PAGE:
Psychiatry & Clinical Psychobiology, Division of Neuroscience, IRCCS Scientific Institute Ospedale San Raffaele, Milano, Italy; Vita-Salute San Raffaele University, Milano, Italy. Electronic address: mazzamario@live.it.Vita-Salute San Raffaele University, Milano, Italy; Division of Immunology, Transplantation and Infectious Diseases, IRCCS San Raffaele Scientific Institute, Milan, Italy.Vita-Salute San Raffaele University, Milano, Italy; Division of Immunology, Transplantation and Infectious Diseases, IRCCS San Raffaele Scientific Institute, Milan, Italy.Psychiatry & Clinical Psychobiology, Division of Neuroscience, IRCCS Scientific Institute Ospedale San Raffaele, Milano, Italy; Vita-Salute San Raffaele University, Milano, Italy.Psychiatry & Clinical Psychobiology, Division of Neuroscience, IRCCS Scientific Institute Ospedale San Raffaele, Milano, Italy; Vita-Salute San Raffaele University, Milano, Italy.Psychiatry & Clinical Psychobiology, Division of Neuroscience, IRCCS Scientific Institute Ospedale San Raffaele, Milano, Italy; Vita-Salute San Raffaele University, Milano, Italy.Psychiatry & Clinical Psychobiology, Division of Neuroscience, IRCCS Scientific Institute Ospedale San Raffaele, Milano, Italy; Vita-Salute San Raffaele University, Milano, Italy.Vita-Salute San Raffaele University, Milano, Italy; Clinical Neuroimmunology, Division of Neuroscience, IRCCS Scientific Institute Ospedale San Raffaele, Milano, Italy.Vita-Salute San Raffaele University, Milano, Italy; Division of Immunology, Transplantation and Infectious Diseases, IRCCS San Raffaele Scientific Institute, Milan, Italy.Vita-Salute San Raffaele University, Milano, Italy; Division of Immunology, Transplantation and Infectious Diseases, IRCCS San Raffaele Scientific Institute, Milan, Italy.No affiliation info availablePsychiatry & Clinical Psychobiology, Division of Neuroscience, IRCCS Scientific Institute Ospedale San Raffaele, Milano, Italy; Vita-Salute San Raffaele University, Milano, Italy.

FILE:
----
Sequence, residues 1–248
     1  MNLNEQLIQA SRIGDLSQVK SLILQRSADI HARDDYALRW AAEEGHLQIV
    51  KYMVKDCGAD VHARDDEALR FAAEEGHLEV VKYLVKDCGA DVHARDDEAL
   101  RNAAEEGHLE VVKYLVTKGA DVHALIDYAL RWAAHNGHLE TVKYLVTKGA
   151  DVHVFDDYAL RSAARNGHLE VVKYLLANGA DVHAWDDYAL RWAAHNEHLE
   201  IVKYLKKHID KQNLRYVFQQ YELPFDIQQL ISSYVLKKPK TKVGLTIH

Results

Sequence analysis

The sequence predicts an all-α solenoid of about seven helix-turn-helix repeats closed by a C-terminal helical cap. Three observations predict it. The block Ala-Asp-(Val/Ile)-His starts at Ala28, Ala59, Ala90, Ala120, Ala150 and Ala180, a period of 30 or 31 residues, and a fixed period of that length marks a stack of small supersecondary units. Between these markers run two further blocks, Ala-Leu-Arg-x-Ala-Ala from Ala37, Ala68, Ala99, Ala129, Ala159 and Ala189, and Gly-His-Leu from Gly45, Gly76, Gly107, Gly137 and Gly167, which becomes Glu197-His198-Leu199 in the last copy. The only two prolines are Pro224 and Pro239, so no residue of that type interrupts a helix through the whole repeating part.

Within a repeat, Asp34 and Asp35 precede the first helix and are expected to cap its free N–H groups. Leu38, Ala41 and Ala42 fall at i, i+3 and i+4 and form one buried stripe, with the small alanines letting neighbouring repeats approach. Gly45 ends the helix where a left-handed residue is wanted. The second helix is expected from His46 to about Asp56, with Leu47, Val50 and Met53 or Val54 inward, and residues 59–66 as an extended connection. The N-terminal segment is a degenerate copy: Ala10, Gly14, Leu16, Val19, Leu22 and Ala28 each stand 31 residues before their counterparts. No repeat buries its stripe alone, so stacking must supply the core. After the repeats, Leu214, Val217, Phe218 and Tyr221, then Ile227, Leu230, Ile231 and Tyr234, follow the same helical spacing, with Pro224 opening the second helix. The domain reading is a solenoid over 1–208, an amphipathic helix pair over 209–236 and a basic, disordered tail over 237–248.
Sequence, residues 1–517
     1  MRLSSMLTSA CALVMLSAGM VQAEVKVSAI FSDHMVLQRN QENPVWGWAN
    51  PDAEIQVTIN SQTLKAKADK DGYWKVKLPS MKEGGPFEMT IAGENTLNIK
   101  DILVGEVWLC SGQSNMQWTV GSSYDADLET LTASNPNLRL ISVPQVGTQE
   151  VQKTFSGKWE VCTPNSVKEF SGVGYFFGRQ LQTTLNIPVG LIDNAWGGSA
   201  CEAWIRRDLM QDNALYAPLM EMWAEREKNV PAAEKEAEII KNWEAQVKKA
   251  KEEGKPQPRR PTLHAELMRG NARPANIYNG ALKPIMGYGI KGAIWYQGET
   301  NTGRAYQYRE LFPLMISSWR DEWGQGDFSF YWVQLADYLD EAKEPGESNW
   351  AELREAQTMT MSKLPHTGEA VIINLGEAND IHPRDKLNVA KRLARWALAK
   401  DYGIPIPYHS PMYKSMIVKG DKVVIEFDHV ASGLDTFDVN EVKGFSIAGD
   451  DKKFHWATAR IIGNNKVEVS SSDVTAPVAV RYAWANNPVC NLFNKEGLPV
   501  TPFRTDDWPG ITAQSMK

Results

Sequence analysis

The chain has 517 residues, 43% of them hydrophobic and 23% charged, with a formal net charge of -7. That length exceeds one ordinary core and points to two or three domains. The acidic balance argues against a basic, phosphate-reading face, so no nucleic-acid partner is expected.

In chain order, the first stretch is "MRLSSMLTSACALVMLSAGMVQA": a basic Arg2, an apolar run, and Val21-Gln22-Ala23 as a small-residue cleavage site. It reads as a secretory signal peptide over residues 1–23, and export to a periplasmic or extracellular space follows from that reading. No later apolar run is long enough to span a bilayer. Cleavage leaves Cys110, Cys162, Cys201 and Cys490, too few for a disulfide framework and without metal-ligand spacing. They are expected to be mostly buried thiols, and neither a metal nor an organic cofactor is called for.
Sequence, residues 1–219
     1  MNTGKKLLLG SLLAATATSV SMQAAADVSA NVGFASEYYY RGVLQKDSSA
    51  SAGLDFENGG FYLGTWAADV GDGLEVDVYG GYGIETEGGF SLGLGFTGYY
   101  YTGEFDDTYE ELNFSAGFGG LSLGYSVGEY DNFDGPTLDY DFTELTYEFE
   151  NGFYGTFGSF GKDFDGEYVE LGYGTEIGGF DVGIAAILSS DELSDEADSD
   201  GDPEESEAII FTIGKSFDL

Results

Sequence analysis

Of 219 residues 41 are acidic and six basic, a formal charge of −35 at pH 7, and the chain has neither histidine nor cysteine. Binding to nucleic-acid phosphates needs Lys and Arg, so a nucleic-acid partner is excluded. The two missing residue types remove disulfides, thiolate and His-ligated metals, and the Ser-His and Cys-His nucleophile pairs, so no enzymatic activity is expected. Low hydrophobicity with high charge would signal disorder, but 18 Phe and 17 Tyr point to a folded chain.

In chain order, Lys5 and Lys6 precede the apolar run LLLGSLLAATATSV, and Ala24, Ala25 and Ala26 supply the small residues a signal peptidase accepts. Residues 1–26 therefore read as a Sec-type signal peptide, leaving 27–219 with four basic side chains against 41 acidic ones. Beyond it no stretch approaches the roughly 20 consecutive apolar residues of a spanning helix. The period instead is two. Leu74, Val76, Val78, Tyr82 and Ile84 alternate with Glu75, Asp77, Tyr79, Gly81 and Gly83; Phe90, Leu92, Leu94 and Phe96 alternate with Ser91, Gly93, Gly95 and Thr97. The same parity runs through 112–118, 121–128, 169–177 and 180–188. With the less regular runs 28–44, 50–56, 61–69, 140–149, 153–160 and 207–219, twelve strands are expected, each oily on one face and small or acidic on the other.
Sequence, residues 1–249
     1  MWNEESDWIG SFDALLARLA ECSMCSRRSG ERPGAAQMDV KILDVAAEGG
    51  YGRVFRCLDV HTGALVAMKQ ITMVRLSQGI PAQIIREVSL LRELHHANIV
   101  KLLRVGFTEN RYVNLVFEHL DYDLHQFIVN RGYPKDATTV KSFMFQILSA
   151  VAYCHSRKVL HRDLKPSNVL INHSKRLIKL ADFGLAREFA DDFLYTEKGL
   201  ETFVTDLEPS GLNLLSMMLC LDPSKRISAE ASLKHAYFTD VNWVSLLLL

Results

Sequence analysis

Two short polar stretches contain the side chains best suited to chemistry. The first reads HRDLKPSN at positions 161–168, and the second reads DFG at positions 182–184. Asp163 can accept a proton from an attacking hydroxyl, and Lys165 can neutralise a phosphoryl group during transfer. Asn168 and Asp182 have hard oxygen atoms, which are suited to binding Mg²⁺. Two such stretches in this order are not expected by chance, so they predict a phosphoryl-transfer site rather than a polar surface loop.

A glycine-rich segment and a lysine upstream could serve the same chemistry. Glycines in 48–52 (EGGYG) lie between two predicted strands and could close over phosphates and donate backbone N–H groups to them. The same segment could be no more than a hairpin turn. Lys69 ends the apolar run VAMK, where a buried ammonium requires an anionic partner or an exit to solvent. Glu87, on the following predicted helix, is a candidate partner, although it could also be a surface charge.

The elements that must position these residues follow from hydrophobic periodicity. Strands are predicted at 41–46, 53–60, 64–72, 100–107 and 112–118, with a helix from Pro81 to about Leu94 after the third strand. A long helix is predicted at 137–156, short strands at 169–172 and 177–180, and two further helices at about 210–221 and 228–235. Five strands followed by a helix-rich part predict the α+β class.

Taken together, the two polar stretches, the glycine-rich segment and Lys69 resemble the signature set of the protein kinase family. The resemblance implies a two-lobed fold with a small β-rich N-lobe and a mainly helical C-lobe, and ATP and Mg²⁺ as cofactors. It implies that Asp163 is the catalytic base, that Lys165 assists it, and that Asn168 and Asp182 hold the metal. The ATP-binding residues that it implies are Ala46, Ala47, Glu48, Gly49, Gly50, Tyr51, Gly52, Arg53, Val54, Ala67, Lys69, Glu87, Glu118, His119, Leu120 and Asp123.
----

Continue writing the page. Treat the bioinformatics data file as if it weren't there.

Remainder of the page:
Pub Type(s)

Journal Article

Language

eng

PubMed ID

32738287

Citation

Mazza, Mario Gennaro, et al. "Anxiety and Depression in COVID-19 Survivors: Role of Inflammatory and Clinical Predictors." Brain, Behavior, and Immunity, vol. 89, 2020, pp. 594-600.
Mazza MG, De Lorenzo R, Conte C, et al. Anxiety and depression in COVID-19 survivors: Role of inflammatory and clinical predictors. Brain Behav Immun. 2020;89:594-600.
Mazza, M. G., De Lorenzo, R., Conte, C., Poletti, S., Vai, B., Bollettini, I., Melloni, E. M. T., Furlan, R., Ciceri, F., Rovere-Querini, P., & Benedetti, F. (2020). Anxiety and depression in COVID-19 survivors: Role of inflammatory and clinical predictors. Brain, Behavior, and Immunity, 89, 594-600. https://doi.org/10.1016/j.bbi.2020.07.037
Mazza MG, et al. Anxiety and Depression in COVID-19 Survivors: Role of Inflammatory and Clinical Predictors. Brain Behav Immun. 2020;89:594-600. PubMed PMID: 32738287.